Microarray Gene Transcription Analysis
Affymetrix Microarray Suite v5.0 was used to generate CEL files of the scanned DNA microarrays. These CEL files were then processed using the statistical language and environment R v5.3 (R Development Core Team, 2007, http://www.r-project.org), supplemented with Bioconductor v2.3 (Biconductor Development Core Team, 2008, http://www.bioconductor.org) packages Biobase, affy, gcrma, and limma . The probe intensities were normalized for background using the robust multiarray average (RMA) method only using perfect match (PM) probes after the raw image file of the DNA microarray was visually inspected for acceptable quality. Normalization was performed using the qspline method and gene expression values were calculated from PM probes with the median polish summary. Statistical analysis was applied to determine differentially expressed genes using the limma statistical package. Moderated t- tests between the sets of experiments were used for pair-wise comparisons. Empirical Bayesian statistics were used to moderate the standard errors within each gene and Benjamini-Hochberg's method was used to adjust for multi-testing. A cut-off value of adjusted p < 0.01 was used for statistical significance . Statistically significant differential gene expression lists were then submitted to the GO Term Finder (version 0.83) of the Saccharomyces Genome Database (SGD) for GO process, function, and component statistically significant identification (p < 0.01). Furthermore, the same differential gene expression lists were submitted to the Expression Viewer (Pathway Tools version 12.0 generated by SRI International on SGD) for metabolic pathway mapping and identification .
Genome sequence and annotated gene of S. cerevisiae CEN.PK113-7D were deposited at sysbio database http://www.sysbio.se/cenpk. Normalized gene expression data were deposited at the GEO database http://www.ncbi.nlm.nih.gov/geo/ with accession number GPL2529 (platform), GSM536874-GSM536881 (samples), and GSE21479 (series).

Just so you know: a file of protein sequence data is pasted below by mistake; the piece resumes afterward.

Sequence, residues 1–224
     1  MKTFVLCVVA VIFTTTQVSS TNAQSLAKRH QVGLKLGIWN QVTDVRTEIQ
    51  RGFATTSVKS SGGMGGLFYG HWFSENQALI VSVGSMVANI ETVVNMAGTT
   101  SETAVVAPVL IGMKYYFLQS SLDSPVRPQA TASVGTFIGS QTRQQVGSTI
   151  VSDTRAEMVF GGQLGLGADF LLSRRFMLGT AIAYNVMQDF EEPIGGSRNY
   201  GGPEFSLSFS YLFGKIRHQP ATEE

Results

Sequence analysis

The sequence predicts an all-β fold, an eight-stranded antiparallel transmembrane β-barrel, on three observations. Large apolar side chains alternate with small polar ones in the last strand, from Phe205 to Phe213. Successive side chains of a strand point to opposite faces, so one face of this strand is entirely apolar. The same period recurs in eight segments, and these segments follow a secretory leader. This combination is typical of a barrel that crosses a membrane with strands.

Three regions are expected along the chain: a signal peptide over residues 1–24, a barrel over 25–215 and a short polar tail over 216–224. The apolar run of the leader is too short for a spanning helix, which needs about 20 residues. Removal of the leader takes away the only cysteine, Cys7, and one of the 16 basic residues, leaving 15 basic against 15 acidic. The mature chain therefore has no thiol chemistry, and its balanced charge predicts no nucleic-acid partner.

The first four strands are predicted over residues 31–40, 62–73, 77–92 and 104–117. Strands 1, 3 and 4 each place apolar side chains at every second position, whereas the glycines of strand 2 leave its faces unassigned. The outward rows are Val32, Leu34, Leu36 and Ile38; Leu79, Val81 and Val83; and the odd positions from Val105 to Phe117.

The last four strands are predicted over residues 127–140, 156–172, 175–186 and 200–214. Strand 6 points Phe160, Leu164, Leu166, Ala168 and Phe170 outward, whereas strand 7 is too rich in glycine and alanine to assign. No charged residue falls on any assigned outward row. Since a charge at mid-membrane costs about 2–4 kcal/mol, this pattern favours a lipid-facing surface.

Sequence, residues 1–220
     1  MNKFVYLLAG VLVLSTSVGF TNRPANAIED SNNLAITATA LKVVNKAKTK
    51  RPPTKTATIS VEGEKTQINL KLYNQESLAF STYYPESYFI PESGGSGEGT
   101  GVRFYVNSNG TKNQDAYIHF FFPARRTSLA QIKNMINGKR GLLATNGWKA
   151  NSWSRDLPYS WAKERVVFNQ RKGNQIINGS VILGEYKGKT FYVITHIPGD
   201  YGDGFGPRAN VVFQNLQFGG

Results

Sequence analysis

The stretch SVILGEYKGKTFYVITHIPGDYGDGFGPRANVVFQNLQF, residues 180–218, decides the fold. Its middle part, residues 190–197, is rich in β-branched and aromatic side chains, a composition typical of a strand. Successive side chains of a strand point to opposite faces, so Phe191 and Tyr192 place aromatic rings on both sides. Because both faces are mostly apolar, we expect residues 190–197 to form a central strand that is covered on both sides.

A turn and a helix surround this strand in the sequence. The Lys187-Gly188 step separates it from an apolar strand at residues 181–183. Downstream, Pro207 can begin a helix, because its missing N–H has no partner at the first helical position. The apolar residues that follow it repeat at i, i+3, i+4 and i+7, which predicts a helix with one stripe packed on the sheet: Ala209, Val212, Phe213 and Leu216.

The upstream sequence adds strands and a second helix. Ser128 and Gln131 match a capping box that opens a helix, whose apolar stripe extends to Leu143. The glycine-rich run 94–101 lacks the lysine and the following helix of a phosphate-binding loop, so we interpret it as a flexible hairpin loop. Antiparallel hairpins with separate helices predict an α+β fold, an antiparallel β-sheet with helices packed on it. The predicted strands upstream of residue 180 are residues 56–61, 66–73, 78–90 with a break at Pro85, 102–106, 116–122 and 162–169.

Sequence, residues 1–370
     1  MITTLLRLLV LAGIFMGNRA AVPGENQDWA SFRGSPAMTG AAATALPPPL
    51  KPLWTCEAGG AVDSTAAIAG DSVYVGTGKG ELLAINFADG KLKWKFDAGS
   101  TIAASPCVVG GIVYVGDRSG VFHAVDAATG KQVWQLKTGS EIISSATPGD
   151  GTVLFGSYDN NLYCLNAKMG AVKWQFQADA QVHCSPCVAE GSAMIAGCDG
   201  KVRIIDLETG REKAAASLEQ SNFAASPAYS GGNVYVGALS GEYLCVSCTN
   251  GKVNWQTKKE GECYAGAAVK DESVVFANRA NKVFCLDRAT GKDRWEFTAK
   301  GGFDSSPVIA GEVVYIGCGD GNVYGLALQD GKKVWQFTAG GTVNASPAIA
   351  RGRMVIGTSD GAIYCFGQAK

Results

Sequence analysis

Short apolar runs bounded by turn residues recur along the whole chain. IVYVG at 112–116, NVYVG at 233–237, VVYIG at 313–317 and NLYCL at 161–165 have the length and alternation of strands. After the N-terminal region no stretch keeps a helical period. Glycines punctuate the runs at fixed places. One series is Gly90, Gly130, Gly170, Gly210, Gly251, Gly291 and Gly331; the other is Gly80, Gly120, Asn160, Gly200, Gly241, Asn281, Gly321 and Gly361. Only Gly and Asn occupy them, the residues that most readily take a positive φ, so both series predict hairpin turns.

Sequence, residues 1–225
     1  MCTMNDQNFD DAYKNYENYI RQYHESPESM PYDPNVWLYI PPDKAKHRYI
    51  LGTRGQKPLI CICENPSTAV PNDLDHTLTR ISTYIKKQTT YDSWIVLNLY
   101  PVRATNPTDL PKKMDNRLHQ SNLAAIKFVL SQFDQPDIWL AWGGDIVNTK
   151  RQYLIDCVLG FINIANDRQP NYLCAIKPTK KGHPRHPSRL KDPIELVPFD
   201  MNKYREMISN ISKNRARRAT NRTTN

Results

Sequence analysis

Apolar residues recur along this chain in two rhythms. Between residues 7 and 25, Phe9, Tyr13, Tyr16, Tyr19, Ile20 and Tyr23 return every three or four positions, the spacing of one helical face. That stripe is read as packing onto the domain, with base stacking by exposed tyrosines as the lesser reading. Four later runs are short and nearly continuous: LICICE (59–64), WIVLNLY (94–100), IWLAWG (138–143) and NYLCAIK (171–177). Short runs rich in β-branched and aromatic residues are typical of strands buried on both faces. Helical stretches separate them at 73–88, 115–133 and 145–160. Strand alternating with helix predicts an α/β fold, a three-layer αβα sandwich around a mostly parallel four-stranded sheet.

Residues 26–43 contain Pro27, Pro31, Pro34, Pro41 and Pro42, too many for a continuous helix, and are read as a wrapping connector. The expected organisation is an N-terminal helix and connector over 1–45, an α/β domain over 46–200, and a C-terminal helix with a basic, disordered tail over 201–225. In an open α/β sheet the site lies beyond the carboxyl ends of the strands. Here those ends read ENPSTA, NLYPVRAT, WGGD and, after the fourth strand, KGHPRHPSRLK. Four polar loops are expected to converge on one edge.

We would like to thank Merck Doctoral Fellowship for financial support to JMO and Chalmers University of Technology Foundation for financial support to WV. We would like to thank Kwanjeera Wanichthanarak for supporting on database development and Gionata Scalcinati for assisting on manuscript revision.
- Bailey JE: Toward a science of metabolic engineering. Science. 1991, 252 (5013): 1668-1675. 10.1126/science.2047876.PubMedView ArticleGoogle Scholar
- Nielsen J: Metabolic engineering. Appl Microbiol Biotechnol. 2001, 55 (3): 263-283. 10.1007/s002530000511.PubMedView ArticleGoogle Scholar
- Stephanopoulos G, Vallino JJ: Network rigidity and metabolic engineering in metabolite overproduction. Science. 1991, 252 (5013): 1675-1681. 10.1126/science.1904627.PubMedView ArticleGoogle Scholar
- Tyo KE, Alper HS, Stephanopoulos GN: Expanding the metabolic engineering toolbox: more options to engineer cells. Trends Biotechnol. 2007, 25 (3): 132-137. 10.1016/j.tibtech.2007.01.003.PubMedView ArticleGoogle Scholar
- Warner JR, Patnaik R, Gill RT: Genomics enabled approaches in strain engineering. Curr Opin Microbiol. 2009, 12 (3): 223-230. 10.1016/j.mib.2009.04.005.PubMedView ArticleGoogle Scholar